In the week when Sport Relief released figures showing the effectiveness of text messaging for raising funds, has the sector found another way to prop up existing recruitment mechanisms into the future?
There is a real opportunity here for charities to get their message out to new audiences and text messaging, in the short-term, may be primarily a communications tool that pays for itself.
The Sport Relief campaign was unique in terms of the coverage afforded to it by the BBC.
For most organisations, raising more than £100,000 from their first text campaign is an impossible dream. However, there may still be ways to form relationships with people that are not just about financial return.
Amnesty International has run text campaigns in the Netherlands and Norway to engage people in the work of the organisation. By asking people to opt in by sending a text, and then to pay for the cost of all subsequent communications, we were able to switch people on to the cause in a cheap and immediate way. For Amnesty, sending a text petition on behalf of a prisoner of conscience, or someone on death row, is a real route into our work with people responding to the message.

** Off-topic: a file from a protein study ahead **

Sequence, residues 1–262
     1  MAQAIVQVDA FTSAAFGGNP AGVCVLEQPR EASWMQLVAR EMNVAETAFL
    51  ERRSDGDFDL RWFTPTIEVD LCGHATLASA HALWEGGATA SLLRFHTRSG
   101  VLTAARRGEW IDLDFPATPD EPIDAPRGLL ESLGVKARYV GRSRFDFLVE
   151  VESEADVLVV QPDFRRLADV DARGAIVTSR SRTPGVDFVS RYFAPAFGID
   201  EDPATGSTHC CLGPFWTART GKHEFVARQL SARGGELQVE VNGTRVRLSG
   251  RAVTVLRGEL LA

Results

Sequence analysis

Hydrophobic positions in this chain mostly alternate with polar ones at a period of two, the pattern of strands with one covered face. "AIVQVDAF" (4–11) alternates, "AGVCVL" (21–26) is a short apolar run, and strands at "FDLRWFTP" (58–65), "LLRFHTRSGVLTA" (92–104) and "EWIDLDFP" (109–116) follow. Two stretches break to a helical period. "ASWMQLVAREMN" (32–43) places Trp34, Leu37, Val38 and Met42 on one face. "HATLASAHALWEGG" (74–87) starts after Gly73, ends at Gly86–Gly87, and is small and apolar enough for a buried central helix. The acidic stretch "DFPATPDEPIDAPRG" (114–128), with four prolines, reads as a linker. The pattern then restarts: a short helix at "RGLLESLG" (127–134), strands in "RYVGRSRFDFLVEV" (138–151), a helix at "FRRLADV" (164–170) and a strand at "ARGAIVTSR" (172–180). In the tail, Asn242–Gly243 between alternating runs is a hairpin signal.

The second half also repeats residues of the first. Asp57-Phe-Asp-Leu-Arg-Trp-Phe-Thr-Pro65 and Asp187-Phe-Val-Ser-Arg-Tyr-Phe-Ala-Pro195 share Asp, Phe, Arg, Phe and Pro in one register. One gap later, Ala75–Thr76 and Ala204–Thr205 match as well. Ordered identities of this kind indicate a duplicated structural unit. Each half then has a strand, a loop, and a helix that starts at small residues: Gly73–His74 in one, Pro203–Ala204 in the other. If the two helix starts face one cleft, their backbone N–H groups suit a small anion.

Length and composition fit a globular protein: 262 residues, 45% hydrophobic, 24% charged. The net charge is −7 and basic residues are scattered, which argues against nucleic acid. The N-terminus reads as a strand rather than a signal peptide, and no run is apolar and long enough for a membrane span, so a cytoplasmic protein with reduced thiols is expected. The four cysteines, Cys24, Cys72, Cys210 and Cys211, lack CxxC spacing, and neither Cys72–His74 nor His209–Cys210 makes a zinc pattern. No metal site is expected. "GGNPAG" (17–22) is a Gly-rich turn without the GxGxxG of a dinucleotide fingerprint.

The question then might be at what point should you ask someone to consider becoming a member of Amnesty? And what communication paths should you leave open to people who want to help but don't want to do any more than make a small donation or return the petition?
The beauty of this medium is that the end-user pays the costs of the contact as a premium rate text, so it should cost you little or nothing to keep this contact going. Part of what Amnesty does should be about building a culture where human rights are respected and that needn't always figure on the bottom of a balance sheet.